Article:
John McCain's daughter has opened his memorial service, her voice rising from tearful to impassioned tribute, by posing her father's legacy as a direct challenge to President Donald Trump.
- Mr Trump was absent from the service, Senator McCain's family made clear he was not invited
- Mr Obama and Mr Bush led service at Senator McCain's request, juxtaposed his legacy with present administration
- The memorial service is part of a five-day cross-country funeral procession that Senator McCain planned before dying
Meghan McCain said her father was a "great man" and she encouraged others to live up to his example, setting a tone that echoed the senator's own fighting spirit as services began Saturday (local time) at the Washington National Cathedral.
"We gather here to mourn the passing of American greatness — the real thing, not cheap rhetoric from men who will never come near the sacrifice he gave so willingly, nor the opportunistic appropriation of those who lived lives of comfort and privilege while he suffered and served," she said, her voice first choking back tears then raising to anger.
"The America of John McCain has no need to be made great again because America was always great," she said to applause.
Mr Trump was not on hand for the ceremony, after Senator McCain's family made clear he was not invited.
Three former presidents, scores of members of Congress, current and former world leaders and family and friends gathered to eulogise Senator McCain as an American hero.
His flag-draped casket was escorted by military body bearers up the cathedral steps under grey skies.
Among those in the front row at the cathedral were Barack and Michelle Obama, George and Laura Bush, Bill and Hillary Clinton, as well as Dick Cheney and Al Gore.
Senator McCain's motorcade arrived from the Capitol, where he laid in state overnight, and the procession made a stop at the Vietnam Veterans Memorial, where Senator McCain's wife, Cindy, placed a wreath.
At Senator's McCain's request, Mr Obama, a Democrat, and Mr Bush, a Republican, both former rivals in the senator's bids for the White House, were among those speaking about the six-term senator during Saturday's service.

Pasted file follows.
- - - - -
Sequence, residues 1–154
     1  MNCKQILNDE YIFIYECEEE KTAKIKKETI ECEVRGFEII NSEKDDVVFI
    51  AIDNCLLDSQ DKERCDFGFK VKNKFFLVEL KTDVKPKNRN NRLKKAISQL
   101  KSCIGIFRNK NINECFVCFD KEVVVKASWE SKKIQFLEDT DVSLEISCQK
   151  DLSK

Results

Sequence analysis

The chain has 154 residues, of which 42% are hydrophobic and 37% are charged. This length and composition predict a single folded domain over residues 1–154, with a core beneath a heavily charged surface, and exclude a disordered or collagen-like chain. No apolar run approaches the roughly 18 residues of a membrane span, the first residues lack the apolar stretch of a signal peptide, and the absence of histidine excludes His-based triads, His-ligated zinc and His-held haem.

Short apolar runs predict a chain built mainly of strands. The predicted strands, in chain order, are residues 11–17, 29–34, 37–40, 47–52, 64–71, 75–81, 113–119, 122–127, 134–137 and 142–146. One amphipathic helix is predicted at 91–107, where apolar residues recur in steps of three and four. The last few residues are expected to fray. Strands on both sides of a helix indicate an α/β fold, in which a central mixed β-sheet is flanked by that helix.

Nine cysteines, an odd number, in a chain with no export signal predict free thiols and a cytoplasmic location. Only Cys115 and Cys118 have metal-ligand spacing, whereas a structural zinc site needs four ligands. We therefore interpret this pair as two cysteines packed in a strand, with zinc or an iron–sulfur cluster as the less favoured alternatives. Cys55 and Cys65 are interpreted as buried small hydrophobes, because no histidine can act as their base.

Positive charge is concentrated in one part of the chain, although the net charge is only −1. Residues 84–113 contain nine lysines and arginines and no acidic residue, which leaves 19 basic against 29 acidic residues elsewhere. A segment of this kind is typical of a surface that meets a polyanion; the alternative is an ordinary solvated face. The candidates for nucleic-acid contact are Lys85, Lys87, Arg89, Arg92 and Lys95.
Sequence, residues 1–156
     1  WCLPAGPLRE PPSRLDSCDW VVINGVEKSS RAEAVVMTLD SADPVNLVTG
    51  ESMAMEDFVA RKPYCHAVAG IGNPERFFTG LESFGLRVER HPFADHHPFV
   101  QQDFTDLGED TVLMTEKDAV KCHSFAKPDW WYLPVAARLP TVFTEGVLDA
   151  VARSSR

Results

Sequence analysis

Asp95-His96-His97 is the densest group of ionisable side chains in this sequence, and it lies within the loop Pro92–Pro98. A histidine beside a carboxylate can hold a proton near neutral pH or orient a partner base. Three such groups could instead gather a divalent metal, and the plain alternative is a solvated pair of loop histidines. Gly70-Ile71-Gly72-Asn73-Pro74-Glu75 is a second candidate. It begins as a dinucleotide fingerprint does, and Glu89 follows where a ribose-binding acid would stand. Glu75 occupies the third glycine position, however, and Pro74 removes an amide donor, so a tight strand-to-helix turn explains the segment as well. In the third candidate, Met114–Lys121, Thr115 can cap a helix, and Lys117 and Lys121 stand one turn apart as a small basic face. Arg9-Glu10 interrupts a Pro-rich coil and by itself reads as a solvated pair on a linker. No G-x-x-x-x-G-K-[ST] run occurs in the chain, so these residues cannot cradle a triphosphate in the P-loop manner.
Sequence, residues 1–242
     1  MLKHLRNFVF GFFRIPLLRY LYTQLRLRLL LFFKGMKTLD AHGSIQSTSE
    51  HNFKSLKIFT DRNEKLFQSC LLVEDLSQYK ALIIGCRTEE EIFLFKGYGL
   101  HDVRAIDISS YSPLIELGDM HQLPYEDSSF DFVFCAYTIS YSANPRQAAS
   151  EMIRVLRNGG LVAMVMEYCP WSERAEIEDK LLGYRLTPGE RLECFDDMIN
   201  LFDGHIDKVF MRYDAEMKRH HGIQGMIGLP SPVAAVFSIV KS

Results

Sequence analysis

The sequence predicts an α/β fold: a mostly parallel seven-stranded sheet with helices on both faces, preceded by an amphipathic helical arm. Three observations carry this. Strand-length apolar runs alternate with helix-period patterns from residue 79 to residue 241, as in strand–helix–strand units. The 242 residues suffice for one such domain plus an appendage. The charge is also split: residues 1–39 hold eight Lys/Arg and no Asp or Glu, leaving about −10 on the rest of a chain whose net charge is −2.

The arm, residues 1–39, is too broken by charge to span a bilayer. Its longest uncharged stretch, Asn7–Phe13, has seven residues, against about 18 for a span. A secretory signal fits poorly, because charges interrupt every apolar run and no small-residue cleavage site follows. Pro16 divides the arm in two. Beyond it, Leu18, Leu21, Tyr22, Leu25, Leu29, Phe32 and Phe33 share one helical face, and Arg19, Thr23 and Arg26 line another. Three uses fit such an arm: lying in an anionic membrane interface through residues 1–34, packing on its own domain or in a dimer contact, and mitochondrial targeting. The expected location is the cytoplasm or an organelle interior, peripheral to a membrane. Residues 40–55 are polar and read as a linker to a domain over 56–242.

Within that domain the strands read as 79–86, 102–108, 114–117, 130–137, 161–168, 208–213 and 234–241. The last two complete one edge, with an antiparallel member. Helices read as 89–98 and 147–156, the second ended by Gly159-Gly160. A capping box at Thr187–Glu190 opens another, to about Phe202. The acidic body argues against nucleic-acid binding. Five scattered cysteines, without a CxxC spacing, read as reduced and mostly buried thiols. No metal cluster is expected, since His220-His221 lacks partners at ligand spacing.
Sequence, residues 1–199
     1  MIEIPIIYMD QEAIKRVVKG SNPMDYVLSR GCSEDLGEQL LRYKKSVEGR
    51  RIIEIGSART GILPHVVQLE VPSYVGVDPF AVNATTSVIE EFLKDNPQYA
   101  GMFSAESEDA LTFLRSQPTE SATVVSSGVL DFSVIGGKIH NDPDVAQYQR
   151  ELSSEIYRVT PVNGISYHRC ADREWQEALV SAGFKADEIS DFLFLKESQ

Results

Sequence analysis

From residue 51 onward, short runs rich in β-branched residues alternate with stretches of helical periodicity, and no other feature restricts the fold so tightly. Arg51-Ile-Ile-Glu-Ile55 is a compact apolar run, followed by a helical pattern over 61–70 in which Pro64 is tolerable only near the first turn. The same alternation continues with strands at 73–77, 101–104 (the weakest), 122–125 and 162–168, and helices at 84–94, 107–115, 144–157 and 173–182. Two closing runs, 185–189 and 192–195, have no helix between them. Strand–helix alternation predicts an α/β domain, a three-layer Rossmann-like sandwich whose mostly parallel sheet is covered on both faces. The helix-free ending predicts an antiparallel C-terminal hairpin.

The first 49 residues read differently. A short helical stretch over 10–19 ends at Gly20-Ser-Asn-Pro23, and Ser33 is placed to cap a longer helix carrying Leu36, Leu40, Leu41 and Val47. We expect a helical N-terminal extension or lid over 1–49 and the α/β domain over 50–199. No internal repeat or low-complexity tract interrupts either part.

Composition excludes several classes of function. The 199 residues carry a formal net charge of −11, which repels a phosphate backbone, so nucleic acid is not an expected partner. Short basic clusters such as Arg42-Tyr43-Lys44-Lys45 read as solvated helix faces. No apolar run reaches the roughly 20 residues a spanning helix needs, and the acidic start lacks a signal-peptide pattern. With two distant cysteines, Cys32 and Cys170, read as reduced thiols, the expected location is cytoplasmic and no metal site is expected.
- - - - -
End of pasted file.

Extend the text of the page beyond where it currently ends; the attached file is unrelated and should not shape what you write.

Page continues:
'America is better than this'
Mr Obama spoke of Senator McCain as understanding that America's security and influence came not from "our ability to bend others to our will" but universal values of rule of law and human rights.
"So much of our politics, our public life, our public discourse can seem small and mean and petty, tracking in bombast and insult and phony controversies and manufactured outrage," Mr Obama said in another not-so-veiled nod to Mr Trump.
"It's a politics that pretends to be brave and tough but in fact is born in fear … John called on us to be bigger than that … He called on us to be better than that."
Mr Bush told of becoming friends with his former White House rival as the two would recall their political battles like former football players remembering the big game.
But mostly Mr Bush recalled a champion for the "forgotten people" at home and abroad whose legacy will serve as a reminder, even in times of doubt, in the power of America as more than a physical place but a "carrier of human aspirations".
"John's voice will always come as a whisper over our shoulder — we are better than this, America is better than this," Mr Bush said.
It is the last public event in Washington, where Senator McCain lived and worked over four decades, and part of Senator McCain's five-day, cross-country funeral procession.
He died August 25 from brain cancer at the age of 81.
"His death seems to have reminded the American people that these values are what makes us a great nation, not the tribal partisanship and personal attack politics that have recently characterised our life, " said former senator Joe Lieberman of Connecticut, a longtime friend and fellow global traveller who Senator McCain once considered as his vice-presidential running mate.
"This week's celebration of the life and values and patriotism of this hero, I think have taken our country above all that.
"In a way, it's the last great gift that John McCain gave America."
Mr Trump, meanwhile, left the White House in the presidential motorcade shortly after 10:30am (local time), as the service was underway.
The White House did not immediately answer questions about his destination.
Two of his top aides, White House chief of staff John Kelly and Defence Secretary James Mattis, flanked Cindy McCain as she approached the memorial and joined the service.
Mr Trump's daughter Ivanka Trump and son-in-law Jared Kushner were also in attendance.